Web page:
Flannery O’Connor and Robert Giroux: a Publishing Partnership

by Patrick Samway SJ, University of Notre Dame Press, 322pp, £38

In my academic position, I’m occasionally called upon to offer comments about my students’ novels and short stories to editors and agents. To my shame, I have yet to manage a summary as brilliant as that offered by the creative writing professor Caroline Gordon to Robert Giroux, who was the Catholic novelist and short-story writer Flannery O’Connor’s editor, about her former student: “She is, of course, writing about the kind of stuff people like to read nowadays: about freaks.”

That many people liked reading about “freaks” in the 1950s (this is much less true today: indeed, including a few freaks in your novel would be one of the swiftest routes into the bin) is one of several worthwhile revelations in Patrick Samway’s book.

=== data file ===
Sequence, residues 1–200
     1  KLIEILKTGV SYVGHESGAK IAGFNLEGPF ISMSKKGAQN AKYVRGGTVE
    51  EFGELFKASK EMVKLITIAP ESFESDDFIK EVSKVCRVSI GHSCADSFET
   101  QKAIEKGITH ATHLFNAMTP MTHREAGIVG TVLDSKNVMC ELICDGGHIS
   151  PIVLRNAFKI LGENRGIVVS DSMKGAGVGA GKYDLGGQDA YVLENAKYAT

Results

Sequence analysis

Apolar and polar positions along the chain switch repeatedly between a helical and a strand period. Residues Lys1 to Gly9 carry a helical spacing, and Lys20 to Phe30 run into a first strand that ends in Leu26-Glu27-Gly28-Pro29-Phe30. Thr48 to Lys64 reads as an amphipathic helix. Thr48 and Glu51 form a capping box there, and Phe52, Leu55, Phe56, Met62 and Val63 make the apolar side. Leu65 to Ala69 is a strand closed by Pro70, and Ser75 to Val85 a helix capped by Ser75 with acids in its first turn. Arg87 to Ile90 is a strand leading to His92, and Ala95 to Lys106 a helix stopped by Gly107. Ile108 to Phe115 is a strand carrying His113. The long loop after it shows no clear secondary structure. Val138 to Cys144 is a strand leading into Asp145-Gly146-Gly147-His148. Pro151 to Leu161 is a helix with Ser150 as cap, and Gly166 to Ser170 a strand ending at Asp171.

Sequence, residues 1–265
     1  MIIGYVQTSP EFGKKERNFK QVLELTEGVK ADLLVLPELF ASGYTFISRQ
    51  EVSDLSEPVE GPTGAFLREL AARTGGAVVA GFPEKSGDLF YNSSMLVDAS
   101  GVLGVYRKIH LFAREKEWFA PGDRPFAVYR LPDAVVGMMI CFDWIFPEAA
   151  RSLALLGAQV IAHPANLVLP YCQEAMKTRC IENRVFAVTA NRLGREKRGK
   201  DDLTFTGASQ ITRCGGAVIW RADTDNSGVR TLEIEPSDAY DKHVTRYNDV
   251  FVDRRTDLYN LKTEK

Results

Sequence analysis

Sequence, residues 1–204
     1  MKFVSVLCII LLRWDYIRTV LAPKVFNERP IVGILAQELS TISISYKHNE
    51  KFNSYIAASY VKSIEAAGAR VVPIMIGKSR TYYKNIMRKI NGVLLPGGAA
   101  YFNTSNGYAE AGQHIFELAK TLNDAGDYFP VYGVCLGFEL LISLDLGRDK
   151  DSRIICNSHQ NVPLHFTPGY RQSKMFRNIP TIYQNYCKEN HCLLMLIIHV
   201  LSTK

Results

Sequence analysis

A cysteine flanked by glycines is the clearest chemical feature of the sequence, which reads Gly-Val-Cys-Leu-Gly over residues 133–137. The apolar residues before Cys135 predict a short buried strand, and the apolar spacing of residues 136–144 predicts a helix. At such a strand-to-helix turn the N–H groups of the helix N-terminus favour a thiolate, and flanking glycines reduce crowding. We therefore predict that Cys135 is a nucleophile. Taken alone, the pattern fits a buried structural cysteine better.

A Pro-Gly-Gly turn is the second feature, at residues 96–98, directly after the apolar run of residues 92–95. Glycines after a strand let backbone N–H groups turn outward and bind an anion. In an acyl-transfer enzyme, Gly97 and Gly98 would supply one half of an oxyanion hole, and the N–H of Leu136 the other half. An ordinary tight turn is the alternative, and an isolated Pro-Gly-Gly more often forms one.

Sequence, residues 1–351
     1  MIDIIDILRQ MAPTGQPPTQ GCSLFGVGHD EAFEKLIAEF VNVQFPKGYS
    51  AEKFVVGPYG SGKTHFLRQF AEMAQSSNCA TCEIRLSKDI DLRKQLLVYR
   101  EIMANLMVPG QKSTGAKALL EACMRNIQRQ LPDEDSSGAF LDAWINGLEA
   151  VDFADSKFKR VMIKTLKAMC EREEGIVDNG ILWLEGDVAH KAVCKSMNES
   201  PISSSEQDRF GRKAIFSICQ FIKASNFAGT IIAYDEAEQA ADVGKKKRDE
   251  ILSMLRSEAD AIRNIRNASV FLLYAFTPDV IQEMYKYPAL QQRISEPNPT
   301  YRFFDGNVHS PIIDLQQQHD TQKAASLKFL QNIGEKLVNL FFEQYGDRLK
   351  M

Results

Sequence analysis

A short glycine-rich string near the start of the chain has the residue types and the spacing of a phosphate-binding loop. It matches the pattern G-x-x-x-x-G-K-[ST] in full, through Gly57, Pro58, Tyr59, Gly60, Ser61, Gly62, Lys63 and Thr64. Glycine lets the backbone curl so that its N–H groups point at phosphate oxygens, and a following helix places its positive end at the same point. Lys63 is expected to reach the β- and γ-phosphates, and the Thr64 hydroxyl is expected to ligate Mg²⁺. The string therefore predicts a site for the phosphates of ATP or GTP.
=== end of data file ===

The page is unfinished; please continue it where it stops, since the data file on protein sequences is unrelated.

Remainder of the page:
Joint (or group) biographies are becoming increasingly popular and generally welcome, especially when they allow the author to find a new angle on an overfamiliar life. But there are some pitfalls in this particular combination.

It is not immediately apparent that we need to know about Giroux to understand O’Connor, especially in a period when we are generally keener to hear about female authors then male gatekeepers. While there have been many cases where an editor has contributed so much to an author’s work that they seem an essential part of the creative process – as with, for example, Raymond Carver and Gordon Lish – this does not appear to be the case with Flannery O’Connor.

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